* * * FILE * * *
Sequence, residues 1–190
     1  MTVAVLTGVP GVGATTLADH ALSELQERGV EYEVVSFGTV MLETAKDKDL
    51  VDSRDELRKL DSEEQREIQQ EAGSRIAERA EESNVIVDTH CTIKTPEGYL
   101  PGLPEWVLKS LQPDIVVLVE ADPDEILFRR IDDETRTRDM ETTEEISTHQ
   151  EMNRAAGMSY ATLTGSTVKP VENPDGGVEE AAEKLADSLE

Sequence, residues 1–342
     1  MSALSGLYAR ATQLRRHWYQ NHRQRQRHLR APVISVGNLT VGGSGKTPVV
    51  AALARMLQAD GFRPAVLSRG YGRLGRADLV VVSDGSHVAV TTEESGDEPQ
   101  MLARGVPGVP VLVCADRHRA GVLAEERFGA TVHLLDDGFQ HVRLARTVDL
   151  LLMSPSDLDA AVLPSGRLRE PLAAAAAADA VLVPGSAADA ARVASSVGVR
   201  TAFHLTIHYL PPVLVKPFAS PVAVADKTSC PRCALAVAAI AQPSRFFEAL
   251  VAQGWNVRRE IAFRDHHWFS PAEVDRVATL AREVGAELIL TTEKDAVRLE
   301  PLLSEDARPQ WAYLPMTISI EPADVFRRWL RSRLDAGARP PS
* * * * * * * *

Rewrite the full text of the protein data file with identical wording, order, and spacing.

Sequence, residues 1–190
     1  MTVAVLTGVP GVGATTLADH ALSELQERGV EYEVVSFGTV MLETAKDKDL
    51  VDSRDELRKL DSEEQREIQQ EAGSRIAERA EESNVIVDTH CTIKTPEGYL
   101  PGLPEWVLKS LQPDIVVLVE ADPDEILFRR IDDETRTRDM ETTEEISTHQ
   151  EMNRAAGMSY ATLTGSTVKP VENPDGGVEE AAEKLADSLE

Sequence, residues 1–342
     1  MSALSGLYAR ATQLRRHWYQ NHRQRQRHLR APVISVGNLT VGGSGKTPVV
    51  AALARMLQAD GFRPAVLSRG YGRLGRADLV VVSDGSHVAV TTEESGDEPQ
   101  MLARGVPGVP VLVCADRHRA GVLAEERFGA TVHLLDDGFQ HVRLARTVDL
   151  LLMSPSDLDA AVLPSGRLRE PLAAAAAADA VLVPGSAADA ARVASSVGVR
   201  TAFHLTIHYL PPVLVKPFAS PVAVADKTSC PRCALAVAAI AQPSRFFEAL
   251  VAQGWNVRRE IAFRDHHWFS PAEVDRVATL AREVGAELIL TTEKDAVRLE
   301  PLLSEDARPQ WAYLPMTISI EPADVFRRWL RSRLDAGARP PS